Sampling soil wood charcoals at a high spatial resolution: a new methodology to investigate the origin of grassland plant communities
Document Type: Journal Article
Author(s): Thierry Dutoit; M. Thinon; B. Talon; E. Buisson; D. Alard
Publication Year: 2009

Cataloging Information

  • chalk grasslands
  • charcoal
  • Europe
  • Fagus
  • Fagus sylvatica
  • France
  • France
  • Germany
  • grasslands
  • herbaceous vegetation
  • histories
  • iron
  • Juniperus communis
  • paleoecology
  • paleoecology
  • Pinus sylvestris
  • plant communities
  • plant communities
  • prehistoric fires
  • Prunus
  • Quercus
  • sampling
  • soil management
  • soil moisture
  • succession
  • Taxus baccata
  • Upper Normandy
  • wood
  • woody plants
  • International
Record Maintained By:
Record Last Modified: June 1, 2018
FRAMES Record Number: 48056
Tall Timbers Record Number: 24112
TTRS Location Status: In-file
TTRS Call Number: Fire File
TTRS Abstract Status: Okay, Fair use, Reproduced by permission

This bibliographic record was either created or modified by the Tall Timbers Research Station and Land Conservancy and is provided without charge to promote research and education in Fire Ecology. The E.V. Komarek Fire Ecology Database is the intellectual property of the Tall Timbers Research Station and Land Conservancy.


Questions: (i) Can sampling of soil wood charcoals at high spatial resolution produce new evidence concerning the presence of chalk grassland before or during the Neolithic, Bronze and Iron Ages? (ii) Are there correlations between vegetation history and archeological data during these periods at this particular site?Location: The chalk hillsides of Saint-Adrien in the lower Seine Valley, Upper Normandy, northwest France.Methods: The study was carried out at a high spatial resolution in chalk grassland using soil wood charcoal analysis, in which charcoals found in the soil were identified and dated in an area of several hundred square meters.Results: Late-successional woody species (Fagus sylvatica, Quercus sp.) were still present in the study site in an area inconsistent with the existence of large chalk grassland herbaceous plant communities (several hectares) in the Neolithic (6500-3800 BP) and Bronze Age (3800-2700 BP).Conclusions: The presence of late-successional woody species on the studied hillside suggests that fires in the Neolithic were linked to forest clearance for pastoral activities, as already demonstrated for similar ecosystems in eastern France and Germany. Nevertheless, our methodology clearly demonstrates that palaecological studies need to take into account the spatial organisation of plant communities as a complementary element to validate their potential existence in former times. © IAVS; Opulus Press Uppsala.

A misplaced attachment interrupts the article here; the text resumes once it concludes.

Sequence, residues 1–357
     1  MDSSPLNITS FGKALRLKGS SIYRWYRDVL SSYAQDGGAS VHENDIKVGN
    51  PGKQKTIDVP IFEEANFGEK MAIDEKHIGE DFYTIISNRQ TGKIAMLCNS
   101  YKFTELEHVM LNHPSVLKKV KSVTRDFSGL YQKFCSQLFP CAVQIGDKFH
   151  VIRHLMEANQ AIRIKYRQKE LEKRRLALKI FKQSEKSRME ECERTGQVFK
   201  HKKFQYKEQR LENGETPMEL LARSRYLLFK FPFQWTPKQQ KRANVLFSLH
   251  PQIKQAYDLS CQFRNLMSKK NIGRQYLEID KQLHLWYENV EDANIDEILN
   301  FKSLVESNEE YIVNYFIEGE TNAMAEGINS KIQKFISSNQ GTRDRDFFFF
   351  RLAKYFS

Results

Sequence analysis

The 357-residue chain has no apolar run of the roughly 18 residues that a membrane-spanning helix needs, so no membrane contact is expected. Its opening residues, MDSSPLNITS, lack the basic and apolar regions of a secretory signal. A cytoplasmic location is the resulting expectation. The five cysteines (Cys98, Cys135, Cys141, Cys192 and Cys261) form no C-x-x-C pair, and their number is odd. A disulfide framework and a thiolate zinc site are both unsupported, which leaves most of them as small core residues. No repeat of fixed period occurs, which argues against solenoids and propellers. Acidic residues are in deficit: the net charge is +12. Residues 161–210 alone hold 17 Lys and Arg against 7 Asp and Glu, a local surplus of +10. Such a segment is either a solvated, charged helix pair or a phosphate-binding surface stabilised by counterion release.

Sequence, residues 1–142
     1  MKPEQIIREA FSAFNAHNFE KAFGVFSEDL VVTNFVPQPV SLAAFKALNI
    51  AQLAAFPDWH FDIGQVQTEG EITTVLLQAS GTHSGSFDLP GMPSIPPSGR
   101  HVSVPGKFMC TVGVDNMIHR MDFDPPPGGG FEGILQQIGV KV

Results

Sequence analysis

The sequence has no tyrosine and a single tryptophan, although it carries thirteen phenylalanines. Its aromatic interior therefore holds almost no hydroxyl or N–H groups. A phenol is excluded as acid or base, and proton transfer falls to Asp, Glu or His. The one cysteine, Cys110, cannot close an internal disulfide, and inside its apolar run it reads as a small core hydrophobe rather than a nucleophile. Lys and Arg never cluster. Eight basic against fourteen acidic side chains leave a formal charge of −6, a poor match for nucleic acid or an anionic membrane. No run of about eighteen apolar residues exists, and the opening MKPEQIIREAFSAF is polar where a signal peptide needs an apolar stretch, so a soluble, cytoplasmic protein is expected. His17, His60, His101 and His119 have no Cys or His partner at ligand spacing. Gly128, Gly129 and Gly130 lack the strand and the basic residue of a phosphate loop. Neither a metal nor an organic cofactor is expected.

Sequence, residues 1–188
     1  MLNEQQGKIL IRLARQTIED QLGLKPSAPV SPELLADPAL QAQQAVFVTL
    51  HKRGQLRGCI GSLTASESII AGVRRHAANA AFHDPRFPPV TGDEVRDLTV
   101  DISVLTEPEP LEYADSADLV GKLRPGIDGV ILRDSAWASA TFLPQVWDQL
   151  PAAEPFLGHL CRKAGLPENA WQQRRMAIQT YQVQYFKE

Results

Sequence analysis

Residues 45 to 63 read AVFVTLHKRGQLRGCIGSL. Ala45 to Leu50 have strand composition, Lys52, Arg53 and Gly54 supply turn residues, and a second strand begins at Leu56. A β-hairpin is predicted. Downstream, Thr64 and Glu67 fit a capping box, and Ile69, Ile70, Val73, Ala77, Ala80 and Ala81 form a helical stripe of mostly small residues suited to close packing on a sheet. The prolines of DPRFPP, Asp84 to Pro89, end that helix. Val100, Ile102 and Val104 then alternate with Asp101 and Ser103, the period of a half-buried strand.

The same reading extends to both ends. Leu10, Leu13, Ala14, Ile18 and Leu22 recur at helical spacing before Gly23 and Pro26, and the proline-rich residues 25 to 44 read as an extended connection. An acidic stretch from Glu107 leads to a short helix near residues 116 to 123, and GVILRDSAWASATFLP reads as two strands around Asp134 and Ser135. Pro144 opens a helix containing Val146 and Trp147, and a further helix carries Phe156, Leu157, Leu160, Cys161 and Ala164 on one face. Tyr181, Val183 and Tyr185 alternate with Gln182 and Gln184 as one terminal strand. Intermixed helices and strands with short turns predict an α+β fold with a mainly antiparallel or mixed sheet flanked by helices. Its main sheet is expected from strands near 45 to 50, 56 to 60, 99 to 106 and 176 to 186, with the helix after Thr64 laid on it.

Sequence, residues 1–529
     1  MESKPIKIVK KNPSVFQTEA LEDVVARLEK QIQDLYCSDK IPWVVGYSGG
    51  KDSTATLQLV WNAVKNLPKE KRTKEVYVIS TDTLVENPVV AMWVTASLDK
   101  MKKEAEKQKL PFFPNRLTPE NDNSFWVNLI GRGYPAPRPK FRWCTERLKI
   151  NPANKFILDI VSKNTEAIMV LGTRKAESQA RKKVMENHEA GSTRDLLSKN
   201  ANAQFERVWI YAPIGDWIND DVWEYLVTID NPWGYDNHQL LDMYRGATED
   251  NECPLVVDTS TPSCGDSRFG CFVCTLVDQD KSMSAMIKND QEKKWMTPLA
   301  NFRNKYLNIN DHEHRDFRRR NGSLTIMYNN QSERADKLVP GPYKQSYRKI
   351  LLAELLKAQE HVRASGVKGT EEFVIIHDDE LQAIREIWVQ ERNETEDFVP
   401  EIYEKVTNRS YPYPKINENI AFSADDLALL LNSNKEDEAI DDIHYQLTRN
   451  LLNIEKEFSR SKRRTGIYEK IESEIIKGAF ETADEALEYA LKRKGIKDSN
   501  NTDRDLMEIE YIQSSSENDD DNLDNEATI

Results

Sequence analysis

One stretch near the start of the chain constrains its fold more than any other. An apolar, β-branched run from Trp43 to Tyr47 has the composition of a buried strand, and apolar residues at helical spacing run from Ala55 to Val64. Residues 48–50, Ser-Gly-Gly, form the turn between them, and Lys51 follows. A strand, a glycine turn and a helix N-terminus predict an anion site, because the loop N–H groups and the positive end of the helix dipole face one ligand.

Dutoit, T., M. Thinon, B. Talon, E. Buisson, and D. Alard. 2009. Sampling soil wood charcoals at a high spatial resolution: a new methodology to investigate the origin of grassland plant communities. Journal of Vegetation Science, v. 20, no. 2, p. 349-358.